ARGUED JANUARY 15, 1980.
DECIDED FEBRUARY 15, 1980. REHEARING DENIED MARCH 12, 1980.
Drug violation. Richmond Superior Court. Before Judge Fulcher.
Theodore S. Worozbyt, for appellant.
Richard E. Allen, District Attorney, James W. Purcell, Assistant District Attorney, for appellee.
The appellant, a former sheriff of Richmond County, appeals his convictions on two counts of selling marijuana. In the face of the overwhelming evidence introduced against him at trial, including tape recordings of his conversations with government informants, he admitted that he had arranged the sales and pled entrapment. On cross examination, the state attempted to impeach him in the following manner: "Let me ask you this, you denied these transactions when Lt. Sanders arrested you there in Forrest Squires' apartment, didn't you?" Defense counsel immediately objected and moved for a mistrial on the ground that the state had not previously sought to introduce evidence that the appellant made such a denial and thus had not given him an opportunity to seek a Jackson v. Denno hearing to contest the voluntariness of the statement. The trial court denied the motion but instructed the state not to pursue the question and told the jury to disregard it. The state made no subsequent attempt to introduce evidence to substantiate its position that the defendant had denied guilt when arrested. The overruling of the motion for mistrial is the sole enumeration of error on appeal. Held:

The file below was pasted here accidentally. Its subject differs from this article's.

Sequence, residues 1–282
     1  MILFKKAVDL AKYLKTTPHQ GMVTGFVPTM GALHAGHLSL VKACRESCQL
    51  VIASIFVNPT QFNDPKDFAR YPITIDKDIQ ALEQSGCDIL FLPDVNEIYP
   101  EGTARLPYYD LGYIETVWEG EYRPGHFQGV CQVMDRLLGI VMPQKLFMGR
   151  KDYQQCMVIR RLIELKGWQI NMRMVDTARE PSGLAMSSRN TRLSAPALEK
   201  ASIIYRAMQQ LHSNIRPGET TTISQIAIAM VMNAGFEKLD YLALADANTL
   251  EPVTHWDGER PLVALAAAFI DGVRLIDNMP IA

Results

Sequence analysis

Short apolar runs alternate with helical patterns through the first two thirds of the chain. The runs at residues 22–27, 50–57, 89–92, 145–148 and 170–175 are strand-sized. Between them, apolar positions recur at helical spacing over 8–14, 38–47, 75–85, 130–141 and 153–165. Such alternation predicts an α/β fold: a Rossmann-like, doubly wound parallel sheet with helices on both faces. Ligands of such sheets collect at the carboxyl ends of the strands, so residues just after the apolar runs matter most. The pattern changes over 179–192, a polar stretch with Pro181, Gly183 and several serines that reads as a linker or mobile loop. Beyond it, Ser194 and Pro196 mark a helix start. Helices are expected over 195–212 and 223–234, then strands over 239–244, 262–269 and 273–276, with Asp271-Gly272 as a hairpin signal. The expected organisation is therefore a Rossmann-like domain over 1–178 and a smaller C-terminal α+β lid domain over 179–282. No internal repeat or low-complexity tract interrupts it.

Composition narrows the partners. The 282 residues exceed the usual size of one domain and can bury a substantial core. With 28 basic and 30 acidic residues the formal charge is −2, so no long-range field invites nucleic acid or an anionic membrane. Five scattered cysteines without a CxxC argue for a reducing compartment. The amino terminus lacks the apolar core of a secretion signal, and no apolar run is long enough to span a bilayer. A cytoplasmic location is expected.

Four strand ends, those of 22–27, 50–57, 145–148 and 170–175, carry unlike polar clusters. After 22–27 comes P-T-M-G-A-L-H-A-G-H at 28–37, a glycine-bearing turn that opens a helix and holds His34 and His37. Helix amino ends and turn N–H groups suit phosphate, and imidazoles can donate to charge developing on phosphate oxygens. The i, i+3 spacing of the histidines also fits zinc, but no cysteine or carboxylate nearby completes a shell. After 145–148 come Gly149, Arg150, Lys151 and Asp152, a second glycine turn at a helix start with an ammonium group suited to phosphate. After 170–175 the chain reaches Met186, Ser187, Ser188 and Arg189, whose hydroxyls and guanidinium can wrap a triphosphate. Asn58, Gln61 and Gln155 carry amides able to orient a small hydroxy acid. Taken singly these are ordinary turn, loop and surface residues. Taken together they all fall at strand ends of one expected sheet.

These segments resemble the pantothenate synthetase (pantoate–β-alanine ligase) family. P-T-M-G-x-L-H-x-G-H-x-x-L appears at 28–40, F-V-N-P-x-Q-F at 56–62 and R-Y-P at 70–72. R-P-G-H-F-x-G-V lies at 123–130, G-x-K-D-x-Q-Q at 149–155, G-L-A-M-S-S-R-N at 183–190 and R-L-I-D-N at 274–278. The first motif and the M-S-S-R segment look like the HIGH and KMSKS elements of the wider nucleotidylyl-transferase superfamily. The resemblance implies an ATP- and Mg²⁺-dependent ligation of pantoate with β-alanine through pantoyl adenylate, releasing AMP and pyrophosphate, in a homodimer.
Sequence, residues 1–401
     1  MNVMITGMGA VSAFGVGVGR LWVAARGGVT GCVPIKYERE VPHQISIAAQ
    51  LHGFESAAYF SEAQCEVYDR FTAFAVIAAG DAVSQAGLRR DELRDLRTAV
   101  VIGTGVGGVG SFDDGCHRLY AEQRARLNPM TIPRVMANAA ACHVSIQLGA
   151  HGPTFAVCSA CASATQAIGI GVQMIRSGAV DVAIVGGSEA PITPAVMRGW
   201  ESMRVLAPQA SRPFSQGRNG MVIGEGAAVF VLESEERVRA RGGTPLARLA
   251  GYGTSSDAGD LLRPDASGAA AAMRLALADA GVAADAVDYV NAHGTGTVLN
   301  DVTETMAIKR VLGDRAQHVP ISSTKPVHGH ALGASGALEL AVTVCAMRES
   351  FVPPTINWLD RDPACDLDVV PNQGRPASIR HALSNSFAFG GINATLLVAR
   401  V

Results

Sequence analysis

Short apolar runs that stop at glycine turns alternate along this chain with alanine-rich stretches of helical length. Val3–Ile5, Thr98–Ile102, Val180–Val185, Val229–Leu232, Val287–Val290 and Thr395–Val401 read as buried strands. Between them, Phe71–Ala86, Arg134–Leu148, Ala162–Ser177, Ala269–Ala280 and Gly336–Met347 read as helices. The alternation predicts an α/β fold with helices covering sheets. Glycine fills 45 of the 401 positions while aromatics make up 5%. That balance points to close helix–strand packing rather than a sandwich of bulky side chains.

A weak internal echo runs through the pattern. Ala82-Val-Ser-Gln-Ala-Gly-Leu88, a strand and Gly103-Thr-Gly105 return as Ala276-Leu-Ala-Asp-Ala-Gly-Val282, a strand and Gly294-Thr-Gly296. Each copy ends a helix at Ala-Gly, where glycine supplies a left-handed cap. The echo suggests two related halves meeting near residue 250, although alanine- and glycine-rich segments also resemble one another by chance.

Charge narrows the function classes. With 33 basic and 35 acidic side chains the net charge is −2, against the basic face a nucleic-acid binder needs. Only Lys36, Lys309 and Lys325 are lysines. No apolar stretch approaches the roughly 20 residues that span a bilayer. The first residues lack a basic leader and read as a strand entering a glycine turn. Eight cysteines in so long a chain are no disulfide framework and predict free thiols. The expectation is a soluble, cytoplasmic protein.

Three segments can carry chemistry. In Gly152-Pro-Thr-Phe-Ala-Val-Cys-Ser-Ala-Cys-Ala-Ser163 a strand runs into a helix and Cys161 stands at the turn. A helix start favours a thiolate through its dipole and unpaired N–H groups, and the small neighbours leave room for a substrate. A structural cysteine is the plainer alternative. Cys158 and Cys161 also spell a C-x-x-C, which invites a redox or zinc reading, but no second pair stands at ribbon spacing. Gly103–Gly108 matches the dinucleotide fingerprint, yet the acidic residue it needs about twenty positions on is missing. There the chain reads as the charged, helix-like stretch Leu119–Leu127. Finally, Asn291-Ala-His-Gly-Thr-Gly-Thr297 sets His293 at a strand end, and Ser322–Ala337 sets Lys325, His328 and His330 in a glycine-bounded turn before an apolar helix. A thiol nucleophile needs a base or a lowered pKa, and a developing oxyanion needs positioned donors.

Since the state asked the question for the purpose of impeaching the appellant's exculpatory entrapment testimony, no Jackson v. Denno hearing was required. See Scott v. State, 243 Ga. 233 (1) ( 253 S.E.2d 698) (1979). See also Harris v. New York, 401 U.S. 222 ( 91 SC 643, 28 L.Ed.2d 1) (1971). Cf. Perkins v. State, 152 Ga. App. 101, 103 ( 262 S.E.2d 158) (1979). The appellant further contends, however, that if he had been forced to answer the question, his response might have been that he had in fact remained silent upon his arrest and that the question therefore amounted to an impermissible comment on his right to remain silent. See Doyle v. Ohio, 426 U.S. 610 (96 SC 2240, 49 S.E.2d 91) (1976). While it is fascinating to speculate on what the appellant's response might have been; the fact remains that he made no response. As indicated previously, his objection was sustained, and the jury was instructed to disregard the question. Accordingly, we do not find, in the face of the compelling body of evidence introduced against the appellant, that the trial court abused its discretion in denying his motion for mistrial.
Judgment affirmed. McMurray, P. J., concurs. Smith, J., concurs in the judgment only.